Presentation on theme: "The Social Function of Sports Many sociologist have attempted to explain the appeal and popularity of sports in modern societies. Here are some of."— Presentation transcript:
The Social Function of Sports Many sociologist have attempted to explain the appeal and popularity of sports in modern societies. Here are some of their thoughts: According to Sut Jhally "sports have taken over the function in advanced capitalist societies that Marx believed religion fulfilled in the nineteenth century - 'an opiate of the masses''‘ According to Norbert Elias the reasons for increasing enjoyment in excitements and tensions engendered by physical contests lie in the fact that people in contemporary, "advanced" societies have to be able to maintain a fairly even and stable control over their more spontaneous and emotional impulses
The Social Function of Sports For the ancient Greeks, the significance of sports was a result of their beliefs on the value and the beauty of the human body. adoration of trained body and physical strength conviction that physical health and skill prove man's capacity for responsible positions in society.
Sports and Nationalism In the context of sports and in particular of a soccer game, nationalism and chauvinism often become “acceptable” forms of expression. But sports do not always divide people, they often unite both citizens of the same country and citizens of a continent. According to a statement by Charles Grant, director of the London-based Center for European Reform: "The European elections didn't bring people together but football did."
Soccer and Globalization Author Franklin Foer in his book "How Soccer Explains the World." "During the nineties, Basque teams, under the stewardship of Welsh coaches, stocked up on Dutch and Turkish players.... Everywhere you looked, it suddenly seemed, national borders and national identities had been swept into the dustbin of soccer history." Still he also admitted that this"failed to diminish the game's local cultures, local blood feuds and even local corruption."
When Soccer Unites In 2004 Greece won the European championship in Lesbon defeating Portugal with 0-1 Prime Minister Costas Caramanlis of Greece watched the gamein the Estádio de Luz. "These boys," he said, "taught us a lesson as to what Greeks can do when we are united and have self- confidence, dynamism and method.“ Rehhagel, the German coach of the Greek team, also noted that it was amazing that soccer had managed to unite Greeks around the world, something that politics had failed to achieve.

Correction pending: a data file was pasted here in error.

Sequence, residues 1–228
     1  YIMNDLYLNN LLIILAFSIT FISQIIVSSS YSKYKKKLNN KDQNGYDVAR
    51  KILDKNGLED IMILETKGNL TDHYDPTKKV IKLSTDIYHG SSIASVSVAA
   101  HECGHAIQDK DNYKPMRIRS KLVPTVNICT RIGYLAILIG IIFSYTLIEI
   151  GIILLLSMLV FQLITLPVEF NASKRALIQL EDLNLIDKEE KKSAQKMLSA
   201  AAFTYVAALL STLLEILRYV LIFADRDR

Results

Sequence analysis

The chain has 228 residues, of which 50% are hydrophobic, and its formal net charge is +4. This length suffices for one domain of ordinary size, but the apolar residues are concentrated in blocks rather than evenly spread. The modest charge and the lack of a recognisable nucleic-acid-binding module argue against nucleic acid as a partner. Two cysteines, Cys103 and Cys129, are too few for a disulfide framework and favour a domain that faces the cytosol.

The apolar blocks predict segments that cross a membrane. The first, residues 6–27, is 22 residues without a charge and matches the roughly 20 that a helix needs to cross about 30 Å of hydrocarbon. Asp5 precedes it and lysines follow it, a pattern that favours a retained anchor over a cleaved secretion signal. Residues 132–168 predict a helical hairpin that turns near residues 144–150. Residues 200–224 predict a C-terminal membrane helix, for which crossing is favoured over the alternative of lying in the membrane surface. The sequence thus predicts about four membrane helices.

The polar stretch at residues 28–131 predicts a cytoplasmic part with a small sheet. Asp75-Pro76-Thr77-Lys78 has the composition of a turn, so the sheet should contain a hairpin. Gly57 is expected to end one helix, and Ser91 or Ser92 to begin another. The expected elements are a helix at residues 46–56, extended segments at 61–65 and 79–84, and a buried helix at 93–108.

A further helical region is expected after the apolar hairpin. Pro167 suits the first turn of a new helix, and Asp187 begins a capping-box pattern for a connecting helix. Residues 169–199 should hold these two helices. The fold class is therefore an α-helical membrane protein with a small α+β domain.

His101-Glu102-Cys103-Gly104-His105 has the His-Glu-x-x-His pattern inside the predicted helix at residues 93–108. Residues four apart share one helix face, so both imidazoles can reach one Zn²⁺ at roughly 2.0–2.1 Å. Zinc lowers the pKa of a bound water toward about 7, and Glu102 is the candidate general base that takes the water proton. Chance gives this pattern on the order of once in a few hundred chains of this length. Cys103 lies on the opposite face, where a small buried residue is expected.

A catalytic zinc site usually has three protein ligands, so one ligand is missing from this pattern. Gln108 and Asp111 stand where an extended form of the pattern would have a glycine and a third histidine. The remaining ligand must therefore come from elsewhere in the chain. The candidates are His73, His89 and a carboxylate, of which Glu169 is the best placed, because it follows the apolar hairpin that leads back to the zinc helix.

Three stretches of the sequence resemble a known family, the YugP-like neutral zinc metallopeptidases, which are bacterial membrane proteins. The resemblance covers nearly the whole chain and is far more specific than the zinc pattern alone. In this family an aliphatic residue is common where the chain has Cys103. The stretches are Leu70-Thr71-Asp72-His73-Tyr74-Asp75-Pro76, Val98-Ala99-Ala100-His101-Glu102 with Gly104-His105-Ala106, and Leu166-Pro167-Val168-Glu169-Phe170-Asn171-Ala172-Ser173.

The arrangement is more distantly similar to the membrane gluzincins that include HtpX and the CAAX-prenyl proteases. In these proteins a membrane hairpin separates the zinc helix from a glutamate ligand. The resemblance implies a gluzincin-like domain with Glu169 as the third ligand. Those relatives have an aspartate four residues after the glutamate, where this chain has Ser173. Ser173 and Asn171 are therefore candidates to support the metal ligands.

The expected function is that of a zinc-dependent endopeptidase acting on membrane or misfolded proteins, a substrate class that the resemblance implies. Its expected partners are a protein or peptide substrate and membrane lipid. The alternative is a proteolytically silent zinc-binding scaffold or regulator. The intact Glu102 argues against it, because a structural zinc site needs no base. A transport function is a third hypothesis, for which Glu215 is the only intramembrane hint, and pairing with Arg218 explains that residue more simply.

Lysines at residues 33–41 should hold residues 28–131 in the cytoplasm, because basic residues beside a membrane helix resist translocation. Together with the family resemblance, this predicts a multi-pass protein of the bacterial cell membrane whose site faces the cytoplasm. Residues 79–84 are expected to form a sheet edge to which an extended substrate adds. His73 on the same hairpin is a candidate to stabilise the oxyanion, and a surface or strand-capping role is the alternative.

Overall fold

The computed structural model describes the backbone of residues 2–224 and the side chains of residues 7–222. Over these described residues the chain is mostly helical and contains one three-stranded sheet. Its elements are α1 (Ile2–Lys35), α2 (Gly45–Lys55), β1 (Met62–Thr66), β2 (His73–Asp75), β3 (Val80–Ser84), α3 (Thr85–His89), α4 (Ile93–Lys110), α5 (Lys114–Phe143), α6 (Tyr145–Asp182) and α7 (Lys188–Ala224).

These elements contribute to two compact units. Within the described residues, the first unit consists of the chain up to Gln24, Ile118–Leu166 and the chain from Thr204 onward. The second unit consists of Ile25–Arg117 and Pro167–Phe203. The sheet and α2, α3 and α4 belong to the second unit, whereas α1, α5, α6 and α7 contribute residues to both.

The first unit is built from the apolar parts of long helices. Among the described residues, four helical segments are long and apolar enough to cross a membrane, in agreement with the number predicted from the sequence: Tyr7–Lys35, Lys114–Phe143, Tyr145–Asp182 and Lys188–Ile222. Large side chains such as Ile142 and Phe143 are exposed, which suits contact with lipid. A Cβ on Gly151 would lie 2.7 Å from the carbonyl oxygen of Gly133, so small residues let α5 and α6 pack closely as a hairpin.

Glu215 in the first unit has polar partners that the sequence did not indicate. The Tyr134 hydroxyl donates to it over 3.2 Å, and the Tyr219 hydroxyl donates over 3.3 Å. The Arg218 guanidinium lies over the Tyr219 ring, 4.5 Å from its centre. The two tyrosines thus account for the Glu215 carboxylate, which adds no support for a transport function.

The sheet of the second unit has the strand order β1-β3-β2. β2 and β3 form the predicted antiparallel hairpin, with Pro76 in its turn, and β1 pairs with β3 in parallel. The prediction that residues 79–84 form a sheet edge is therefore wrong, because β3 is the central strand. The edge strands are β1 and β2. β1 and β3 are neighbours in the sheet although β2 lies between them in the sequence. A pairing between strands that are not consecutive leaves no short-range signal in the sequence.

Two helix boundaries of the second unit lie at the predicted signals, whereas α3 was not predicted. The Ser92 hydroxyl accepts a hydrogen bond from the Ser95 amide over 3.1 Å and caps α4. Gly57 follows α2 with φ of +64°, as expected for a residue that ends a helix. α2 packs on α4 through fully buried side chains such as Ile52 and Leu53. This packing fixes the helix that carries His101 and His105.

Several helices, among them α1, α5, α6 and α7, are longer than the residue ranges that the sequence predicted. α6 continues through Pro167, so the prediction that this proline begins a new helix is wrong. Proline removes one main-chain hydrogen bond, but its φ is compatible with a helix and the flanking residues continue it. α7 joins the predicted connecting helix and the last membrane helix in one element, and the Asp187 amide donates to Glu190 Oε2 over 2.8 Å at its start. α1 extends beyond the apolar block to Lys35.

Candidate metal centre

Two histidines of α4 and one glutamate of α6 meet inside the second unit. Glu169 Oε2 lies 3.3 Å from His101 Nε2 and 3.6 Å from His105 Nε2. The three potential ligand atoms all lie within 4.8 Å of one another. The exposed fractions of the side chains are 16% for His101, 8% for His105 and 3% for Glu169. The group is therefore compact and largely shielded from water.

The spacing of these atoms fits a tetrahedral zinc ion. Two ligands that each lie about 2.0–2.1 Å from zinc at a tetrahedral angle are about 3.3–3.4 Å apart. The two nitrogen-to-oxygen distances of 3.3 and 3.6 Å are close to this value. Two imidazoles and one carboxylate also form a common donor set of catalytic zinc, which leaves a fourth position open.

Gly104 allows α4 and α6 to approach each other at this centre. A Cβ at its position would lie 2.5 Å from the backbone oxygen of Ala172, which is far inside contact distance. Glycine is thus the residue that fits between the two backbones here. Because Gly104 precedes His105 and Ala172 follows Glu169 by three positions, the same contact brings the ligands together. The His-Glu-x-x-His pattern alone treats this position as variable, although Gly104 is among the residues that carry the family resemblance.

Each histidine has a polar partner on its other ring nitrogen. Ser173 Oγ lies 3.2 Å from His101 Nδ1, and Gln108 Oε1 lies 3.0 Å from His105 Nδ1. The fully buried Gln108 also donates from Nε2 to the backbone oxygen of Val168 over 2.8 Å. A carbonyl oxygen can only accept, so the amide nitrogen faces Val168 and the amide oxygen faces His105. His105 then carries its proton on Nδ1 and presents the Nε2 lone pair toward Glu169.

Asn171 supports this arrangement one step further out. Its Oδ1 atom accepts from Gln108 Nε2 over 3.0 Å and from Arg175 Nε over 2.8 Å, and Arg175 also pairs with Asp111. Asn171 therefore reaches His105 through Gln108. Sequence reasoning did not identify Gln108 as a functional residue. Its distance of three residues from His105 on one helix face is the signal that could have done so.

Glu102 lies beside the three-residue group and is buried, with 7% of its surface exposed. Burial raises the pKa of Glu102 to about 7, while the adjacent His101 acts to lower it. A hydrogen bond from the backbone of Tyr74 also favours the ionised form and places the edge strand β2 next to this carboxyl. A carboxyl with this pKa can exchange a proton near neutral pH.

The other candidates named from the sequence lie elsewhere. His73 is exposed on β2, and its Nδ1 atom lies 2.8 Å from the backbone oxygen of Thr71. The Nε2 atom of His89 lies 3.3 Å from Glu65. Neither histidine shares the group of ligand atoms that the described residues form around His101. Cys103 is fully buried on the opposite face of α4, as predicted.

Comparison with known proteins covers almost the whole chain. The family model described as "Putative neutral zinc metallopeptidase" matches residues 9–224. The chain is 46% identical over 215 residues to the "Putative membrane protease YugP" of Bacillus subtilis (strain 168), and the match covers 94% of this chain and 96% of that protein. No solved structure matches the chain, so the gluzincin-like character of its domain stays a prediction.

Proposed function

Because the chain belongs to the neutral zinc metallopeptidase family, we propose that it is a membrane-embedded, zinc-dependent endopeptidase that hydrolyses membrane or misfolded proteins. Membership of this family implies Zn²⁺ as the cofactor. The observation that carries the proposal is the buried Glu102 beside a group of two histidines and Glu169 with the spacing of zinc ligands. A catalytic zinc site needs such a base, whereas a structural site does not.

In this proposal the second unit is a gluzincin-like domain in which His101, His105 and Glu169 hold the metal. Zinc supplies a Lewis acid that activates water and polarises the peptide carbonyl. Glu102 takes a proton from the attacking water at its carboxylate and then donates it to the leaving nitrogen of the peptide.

When Soccer Unites In Leiria the night before the game, João Silva, a 22-year-old shop assistant, said: "These people in our town squares are not soccer fans. Most of them have never been to the stadium. They are celebrating nationalism, which is something new for Portugal. Up to now, we didn't feel it, I suppose we are a fatalistic nation, accepting that Spain is bigger and that we accept what is given to us."
When Soccer Unites "The greatest day in Greek history," Paul Raissis a Greek-Australian stockbroker said "Better than Troy, better than Alexander conquering the world. We've conquered it again.“ A slogan on the side of the bus that carried the triumphant Greek soccer team declared: "Ancient Greece had 12 gods, modern Greece has 11."
Greek Sexuality In her book, The Empty Cradle of Democracy: Sex, Abortion and Nationalism in Greece, sociologist Alexandra Halkia argues that Greeks consider their sexuality as a Zorba-like idiosyncrasy, and an expression of their “freedom” from social constraints.
Hooligans and Soccer In Greek major league games, it is not uncommon for gangs of fans, often organized and patronized by football club presidents to get involved in riots and fights in and out of stadiums and in city centers. The chants of the Greek hooligans are a full of sexual references with which fans celebrate their own and their team’s masculinity, while at the same time asserting the femininity or homosexuality of their opponents. “E-tsi ga-maei o Pi-re-as!” (That’s how Pi-rae-us
When Soccer Divides In September 2004 the Greek national team lost to Albania. Hundreds of Albanian immigrants came out the streets of Greece to celebrate their team’s victory. Greek soccer hooligans, however, abetted by ultra-rightists, attacked Albanians in several cities, injuring many people and killing one person.
When Soccer Divides Before the soccer match between Greece and Albania in Tirana, mass media in Greece made an effort to provoke racism. Images of crazy Albanians ready to kill all Greeks appeared in the TV news. Before and during the game there were also several acts of provocation from Albanian nationalists in Tirana.